Peter Milligan introduces a clever and intriguing central idea in The Names: sentient algorithms intent on subverting the efforts of corrupt and controlling financial traders. He further impresses by appropriating the real world villains of the day for his story. Only a financial trader loves another financial trader.

Until very recently in that line of work was Kevin Walker, late of this world, having seemingly committed suicide, a verdict his much younger second wife Katya vehemently refuses to accept. Her relationship with Walker’s son Philip, always difficult, doesn’t improve for her being the one to break the news about his father. Philip is never identified as such, but portrayed as on the autistic scale, which aids in assembling clues and making breakthroughs, but has social drawbacks. Together, though, they begin investigating what may have actually occurred.

Definitely involved is the Surgeon, an out of control psychopath with scalpels whose task is to enforce the will of the Names, an elite group of financial manipulators. Unfortunately, for them, there’s a splinter faction, and beyond that the aforementioned sentient algorithms, referred to as the Dark Loops, seemingly intent on creating financial chaos.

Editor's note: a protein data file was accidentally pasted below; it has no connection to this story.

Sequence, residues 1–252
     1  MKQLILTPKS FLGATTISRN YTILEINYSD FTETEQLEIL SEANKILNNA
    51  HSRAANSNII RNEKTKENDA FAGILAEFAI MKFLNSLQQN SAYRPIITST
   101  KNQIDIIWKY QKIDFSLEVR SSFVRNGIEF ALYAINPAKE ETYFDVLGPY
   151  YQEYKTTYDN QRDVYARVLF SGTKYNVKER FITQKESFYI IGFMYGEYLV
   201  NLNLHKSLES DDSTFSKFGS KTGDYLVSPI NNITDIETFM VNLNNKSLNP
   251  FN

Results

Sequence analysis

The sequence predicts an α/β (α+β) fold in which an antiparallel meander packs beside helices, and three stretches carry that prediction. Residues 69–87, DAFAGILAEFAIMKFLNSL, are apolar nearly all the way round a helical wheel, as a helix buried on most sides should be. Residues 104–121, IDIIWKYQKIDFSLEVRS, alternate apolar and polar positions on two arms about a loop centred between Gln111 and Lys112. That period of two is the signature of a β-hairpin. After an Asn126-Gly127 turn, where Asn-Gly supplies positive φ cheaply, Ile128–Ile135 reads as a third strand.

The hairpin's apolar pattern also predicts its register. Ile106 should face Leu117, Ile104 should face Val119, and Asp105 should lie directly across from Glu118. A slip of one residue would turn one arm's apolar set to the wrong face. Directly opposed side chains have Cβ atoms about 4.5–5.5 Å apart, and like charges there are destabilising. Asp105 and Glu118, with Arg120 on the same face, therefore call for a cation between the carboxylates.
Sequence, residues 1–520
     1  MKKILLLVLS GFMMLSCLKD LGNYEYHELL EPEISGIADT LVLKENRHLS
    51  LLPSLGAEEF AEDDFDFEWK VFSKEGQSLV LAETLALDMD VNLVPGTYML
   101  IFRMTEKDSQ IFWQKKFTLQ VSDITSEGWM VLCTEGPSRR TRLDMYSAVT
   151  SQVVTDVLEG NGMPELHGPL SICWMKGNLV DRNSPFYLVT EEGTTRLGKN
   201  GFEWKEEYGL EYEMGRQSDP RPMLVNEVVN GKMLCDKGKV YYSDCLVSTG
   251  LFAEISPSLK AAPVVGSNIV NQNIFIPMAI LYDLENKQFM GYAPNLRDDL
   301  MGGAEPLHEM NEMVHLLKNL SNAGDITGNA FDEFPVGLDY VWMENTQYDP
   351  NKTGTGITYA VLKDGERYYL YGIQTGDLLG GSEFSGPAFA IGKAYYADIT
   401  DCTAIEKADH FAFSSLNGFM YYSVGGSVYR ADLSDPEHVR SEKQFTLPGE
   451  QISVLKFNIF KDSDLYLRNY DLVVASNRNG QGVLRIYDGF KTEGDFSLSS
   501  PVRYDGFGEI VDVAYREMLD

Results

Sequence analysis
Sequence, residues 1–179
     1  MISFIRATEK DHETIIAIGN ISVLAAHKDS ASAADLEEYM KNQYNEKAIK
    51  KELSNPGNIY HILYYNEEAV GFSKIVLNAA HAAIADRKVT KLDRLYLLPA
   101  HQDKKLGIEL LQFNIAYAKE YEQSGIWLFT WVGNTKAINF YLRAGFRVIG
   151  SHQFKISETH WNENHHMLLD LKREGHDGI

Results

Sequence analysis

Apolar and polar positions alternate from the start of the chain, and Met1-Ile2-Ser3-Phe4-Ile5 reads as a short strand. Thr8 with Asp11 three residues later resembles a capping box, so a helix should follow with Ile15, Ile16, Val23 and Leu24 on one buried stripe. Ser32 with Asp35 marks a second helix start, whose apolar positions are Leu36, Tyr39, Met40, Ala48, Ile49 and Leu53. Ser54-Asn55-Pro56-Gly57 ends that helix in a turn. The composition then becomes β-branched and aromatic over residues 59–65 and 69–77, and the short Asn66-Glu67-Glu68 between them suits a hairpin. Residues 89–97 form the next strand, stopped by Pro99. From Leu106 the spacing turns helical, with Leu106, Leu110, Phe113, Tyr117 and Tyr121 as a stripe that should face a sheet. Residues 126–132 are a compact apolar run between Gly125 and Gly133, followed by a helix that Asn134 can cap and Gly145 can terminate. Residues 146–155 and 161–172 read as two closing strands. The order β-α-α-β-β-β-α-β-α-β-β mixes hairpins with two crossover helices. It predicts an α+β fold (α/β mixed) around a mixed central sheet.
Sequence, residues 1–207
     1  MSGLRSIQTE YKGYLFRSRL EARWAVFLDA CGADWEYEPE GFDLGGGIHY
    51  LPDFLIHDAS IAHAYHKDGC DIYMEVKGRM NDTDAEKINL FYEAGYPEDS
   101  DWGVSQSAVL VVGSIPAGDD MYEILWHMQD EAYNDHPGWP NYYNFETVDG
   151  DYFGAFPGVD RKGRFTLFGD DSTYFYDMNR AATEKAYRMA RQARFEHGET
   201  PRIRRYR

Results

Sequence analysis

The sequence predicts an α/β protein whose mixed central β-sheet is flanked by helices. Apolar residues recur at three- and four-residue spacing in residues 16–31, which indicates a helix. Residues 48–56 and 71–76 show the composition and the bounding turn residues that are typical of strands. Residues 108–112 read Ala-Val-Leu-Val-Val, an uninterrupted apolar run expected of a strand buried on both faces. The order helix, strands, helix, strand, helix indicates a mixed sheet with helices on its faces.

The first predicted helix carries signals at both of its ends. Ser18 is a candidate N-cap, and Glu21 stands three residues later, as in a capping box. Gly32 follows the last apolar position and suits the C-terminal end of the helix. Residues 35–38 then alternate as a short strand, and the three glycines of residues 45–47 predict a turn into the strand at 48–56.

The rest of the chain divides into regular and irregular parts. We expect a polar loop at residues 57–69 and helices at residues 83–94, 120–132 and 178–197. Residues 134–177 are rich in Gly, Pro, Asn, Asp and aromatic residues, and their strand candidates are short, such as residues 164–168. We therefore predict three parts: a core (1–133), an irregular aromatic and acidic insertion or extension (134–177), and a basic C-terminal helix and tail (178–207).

There’s the germ of something good here, but when the cast are flung together they fail to convince because on too many occasions a bizarre or inconsistent piece of behaviour services the plot, but doesn’t ring true in human terms. Furthermore, for a project always planned to be nine chapters too much is introduced and ignored, or left unanswered, and from a very promising start Milligan is going through the motions by the end. Even the casual, weary decadence of his dialogue has fallen flat.

Leandro Fernandez is a top notch artist who can vary his approach, but the tack he takes with the cast is plain odd. He’s not aiming for graphic realism, so everyone is sketched to some degree, but both the Surgeon and Stoker have supernaturally long, thin faces with pointed ears. There’s no reason for this beyond stylistic caprice, and it’s extremely distracting. Elsewhere his work with light and shade is good, but dampened by unimaginative colouring from Cris Peter. So many Vertigo titles have their pages slathered in shades of brown or as near as. Why?

All in all, this fails to live up to best of either creator.